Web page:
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 Adding Digital Watermarks to Your Photos with Photoshop

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PostSubject: Adding Digital Watermarks to Your Photos with Photoshop   Tue Sep 30, 2008 2:46 pm

So many people are publishing their digital images in one form or
another these days that it's not hard to see why they would want to
protect their images in one way or another. The following technique
uses Photoshop CS2 to embed a visual "watermark" in an image.


NOTE: This technique,
although demonstrated here with Photoshop CS2, can easily be
accomplished with just about any version of any image manipulation
software (Paint, Paint Shop Pro, GIMP, etc.).




To get started open an image that you want watermarked. I'll be using the image you see in figure 18.1.




figure 18.1




I'll be using text for this technique, but take a quick look at this Paint Shop Pro version, where I used a company logo as the watermark.




With your image opened in Photoshop, it's time to get started...


Click on the "Default Foreground and Background colors" icon to set the
default black foreground and white background colors. The icon is near
the bottom of the Toolbar, just below the foreground and background
color swatches (see figure 18.2).


TIP: You can use the keyboard shortcut to quickly set the default colors. To do so, simply hit the 'D' key.






figure 18.2



Select the Horizontal Type tool and set the
Font Family, the Font Style and the Font Size. I used Myriad set to
Bold Italic 8 points for this example, but you can, and should play
around to see what fits in best with the image(s) and the idea(s) that
you're working on.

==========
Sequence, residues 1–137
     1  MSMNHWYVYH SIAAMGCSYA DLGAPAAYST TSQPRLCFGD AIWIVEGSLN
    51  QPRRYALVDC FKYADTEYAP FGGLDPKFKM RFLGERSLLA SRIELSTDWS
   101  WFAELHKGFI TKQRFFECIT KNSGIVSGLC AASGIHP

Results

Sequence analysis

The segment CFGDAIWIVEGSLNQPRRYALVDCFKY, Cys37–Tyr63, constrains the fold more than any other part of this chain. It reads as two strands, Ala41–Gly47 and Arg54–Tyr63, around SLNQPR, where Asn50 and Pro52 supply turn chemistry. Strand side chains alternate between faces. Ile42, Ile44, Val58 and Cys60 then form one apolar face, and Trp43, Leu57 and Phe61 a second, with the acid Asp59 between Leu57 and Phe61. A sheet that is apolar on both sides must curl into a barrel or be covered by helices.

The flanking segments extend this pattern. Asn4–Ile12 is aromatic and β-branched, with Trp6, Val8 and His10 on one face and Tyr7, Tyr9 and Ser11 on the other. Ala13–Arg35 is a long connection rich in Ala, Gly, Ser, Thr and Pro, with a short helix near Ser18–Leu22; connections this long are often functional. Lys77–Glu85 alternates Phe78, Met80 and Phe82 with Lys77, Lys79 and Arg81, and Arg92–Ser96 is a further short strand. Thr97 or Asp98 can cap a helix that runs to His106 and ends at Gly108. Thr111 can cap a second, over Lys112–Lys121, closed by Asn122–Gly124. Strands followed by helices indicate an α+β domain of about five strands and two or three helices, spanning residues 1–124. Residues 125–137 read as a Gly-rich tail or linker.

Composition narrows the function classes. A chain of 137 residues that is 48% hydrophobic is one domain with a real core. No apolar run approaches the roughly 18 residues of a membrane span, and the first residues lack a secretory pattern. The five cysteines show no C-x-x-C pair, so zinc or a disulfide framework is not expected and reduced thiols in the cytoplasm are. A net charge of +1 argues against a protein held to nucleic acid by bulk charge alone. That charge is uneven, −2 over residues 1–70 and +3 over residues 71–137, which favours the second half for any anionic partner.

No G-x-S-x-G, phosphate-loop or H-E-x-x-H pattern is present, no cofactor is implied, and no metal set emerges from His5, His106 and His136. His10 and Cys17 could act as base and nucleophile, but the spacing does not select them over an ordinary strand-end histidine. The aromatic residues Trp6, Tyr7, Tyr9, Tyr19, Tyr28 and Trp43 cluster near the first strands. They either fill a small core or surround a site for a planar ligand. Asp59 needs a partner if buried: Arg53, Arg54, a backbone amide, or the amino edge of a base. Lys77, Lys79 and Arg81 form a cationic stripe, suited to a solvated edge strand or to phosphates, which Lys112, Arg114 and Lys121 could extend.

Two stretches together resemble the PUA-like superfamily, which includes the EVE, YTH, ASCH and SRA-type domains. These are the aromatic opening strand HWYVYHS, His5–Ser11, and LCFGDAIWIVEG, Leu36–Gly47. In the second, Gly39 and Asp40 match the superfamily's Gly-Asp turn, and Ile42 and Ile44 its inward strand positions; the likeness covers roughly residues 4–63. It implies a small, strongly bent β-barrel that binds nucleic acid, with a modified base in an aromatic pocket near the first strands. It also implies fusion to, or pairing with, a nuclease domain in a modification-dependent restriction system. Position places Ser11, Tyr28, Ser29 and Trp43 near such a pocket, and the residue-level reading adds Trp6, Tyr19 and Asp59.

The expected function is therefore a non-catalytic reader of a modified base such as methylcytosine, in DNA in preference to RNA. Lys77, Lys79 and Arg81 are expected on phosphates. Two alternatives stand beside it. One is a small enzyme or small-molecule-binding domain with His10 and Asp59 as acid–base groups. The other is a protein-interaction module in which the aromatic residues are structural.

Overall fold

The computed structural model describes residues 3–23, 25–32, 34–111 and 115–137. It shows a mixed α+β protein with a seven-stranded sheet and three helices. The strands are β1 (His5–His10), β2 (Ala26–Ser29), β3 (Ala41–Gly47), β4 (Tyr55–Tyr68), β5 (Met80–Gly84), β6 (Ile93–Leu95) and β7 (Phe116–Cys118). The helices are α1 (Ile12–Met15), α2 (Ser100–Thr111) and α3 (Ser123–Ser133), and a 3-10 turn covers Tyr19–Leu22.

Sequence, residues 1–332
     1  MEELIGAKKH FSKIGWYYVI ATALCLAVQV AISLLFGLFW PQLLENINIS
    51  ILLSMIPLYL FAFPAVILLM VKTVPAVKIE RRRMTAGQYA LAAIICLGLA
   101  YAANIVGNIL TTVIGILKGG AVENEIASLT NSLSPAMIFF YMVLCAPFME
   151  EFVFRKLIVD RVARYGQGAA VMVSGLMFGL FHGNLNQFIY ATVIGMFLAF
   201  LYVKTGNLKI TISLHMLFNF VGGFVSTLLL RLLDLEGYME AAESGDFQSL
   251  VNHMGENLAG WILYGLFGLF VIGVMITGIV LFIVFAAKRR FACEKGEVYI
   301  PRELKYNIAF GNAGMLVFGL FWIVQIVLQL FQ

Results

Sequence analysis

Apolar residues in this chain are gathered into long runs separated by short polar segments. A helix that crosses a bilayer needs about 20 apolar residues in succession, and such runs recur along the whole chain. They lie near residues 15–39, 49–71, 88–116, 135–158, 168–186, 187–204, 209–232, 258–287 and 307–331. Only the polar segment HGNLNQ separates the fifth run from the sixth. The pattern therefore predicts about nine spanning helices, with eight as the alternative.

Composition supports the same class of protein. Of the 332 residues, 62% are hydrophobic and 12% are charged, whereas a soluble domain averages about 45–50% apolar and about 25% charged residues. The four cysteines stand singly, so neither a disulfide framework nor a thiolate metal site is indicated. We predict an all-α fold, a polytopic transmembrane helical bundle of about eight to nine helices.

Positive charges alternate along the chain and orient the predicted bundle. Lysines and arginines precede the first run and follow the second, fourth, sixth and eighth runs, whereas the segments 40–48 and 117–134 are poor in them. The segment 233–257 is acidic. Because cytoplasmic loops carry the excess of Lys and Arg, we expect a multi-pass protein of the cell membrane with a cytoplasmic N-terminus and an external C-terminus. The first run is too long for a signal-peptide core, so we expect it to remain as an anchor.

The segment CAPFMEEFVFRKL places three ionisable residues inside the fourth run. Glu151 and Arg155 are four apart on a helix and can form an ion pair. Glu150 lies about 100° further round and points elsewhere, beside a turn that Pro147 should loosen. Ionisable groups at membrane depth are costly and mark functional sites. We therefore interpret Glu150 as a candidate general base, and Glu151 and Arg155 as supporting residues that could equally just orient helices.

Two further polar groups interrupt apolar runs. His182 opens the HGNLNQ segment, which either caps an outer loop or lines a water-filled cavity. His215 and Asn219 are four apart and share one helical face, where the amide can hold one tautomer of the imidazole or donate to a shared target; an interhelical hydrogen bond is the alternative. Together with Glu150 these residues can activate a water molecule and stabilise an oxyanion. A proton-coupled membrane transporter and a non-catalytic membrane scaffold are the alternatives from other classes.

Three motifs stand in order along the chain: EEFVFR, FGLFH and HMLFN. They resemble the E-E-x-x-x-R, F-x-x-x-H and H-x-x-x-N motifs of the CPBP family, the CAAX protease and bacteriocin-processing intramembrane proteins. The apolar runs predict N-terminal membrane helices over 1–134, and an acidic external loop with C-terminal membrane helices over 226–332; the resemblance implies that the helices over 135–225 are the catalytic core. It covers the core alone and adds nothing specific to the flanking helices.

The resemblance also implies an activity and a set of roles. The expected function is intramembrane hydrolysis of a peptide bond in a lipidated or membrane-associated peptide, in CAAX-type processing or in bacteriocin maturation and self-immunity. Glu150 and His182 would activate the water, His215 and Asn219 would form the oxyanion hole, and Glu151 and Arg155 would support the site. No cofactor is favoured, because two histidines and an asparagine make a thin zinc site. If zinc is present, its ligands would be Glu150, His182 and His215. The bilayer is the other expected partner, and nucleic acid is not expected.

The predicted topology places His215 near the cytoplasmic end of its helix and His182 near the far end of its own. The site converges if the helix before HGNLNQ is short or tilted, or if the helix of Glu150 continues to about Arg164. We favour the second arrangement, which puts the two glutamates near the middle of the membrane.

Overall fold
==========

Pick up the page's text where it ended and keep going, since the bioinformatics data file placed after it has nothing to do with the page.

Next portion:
Click anywhere inside your image and type in the text you want
displayed as a watermark. I'll type in 'copyright T. Michael Clark'
for this image (see figure 18.3). Note that I got the copyright symbol
by using ALT 0169 (that is, I held down the ALT key and typed 0169 on
the number pad of my keyboard).


NOTE: If you start typing
and find that the text is too big, or too small, you can select the
text you've entered, using the Type tool and reset the Font Family,
Style or Size.





figure 18.3



Here comes the fun part... Choose Filter, Stylize, Emboss. You'll get a
warning about the type layer needing to be "rasterized" before you can
proceed. Rasterizing the type layer means that it can no longer be
edited. No matter, if need be, you can simply re-create the type layer.
Click "OK" to proceed.


As you can see in figure 18.4, the Emboss effect leaves the
text looking raised. It has also changed the type to a mid-gray color
with light and darker edges giving the effect of embossing. The gray
fill is especially important here because we'll choose a layer-blending
mode that will make the new text visible but not as though we had
simply typed on the image. Instead what will happen is that the gray
will disappear letting the image show through, but the lighter and
darker edges will remain leaving a visible watermark on the image. To
see what I mean, change the layer-blending mode to 'Overlay'. You can
change the layer-blending mode from within the Layer palette. The
pulldown menu to do so is located in the upper left corner of the
Layers palette.




figure 18.4




Figure 18.5 shows my finished image. Notice that, though subtle, the watermark is visible and even readable.




figure 18.5
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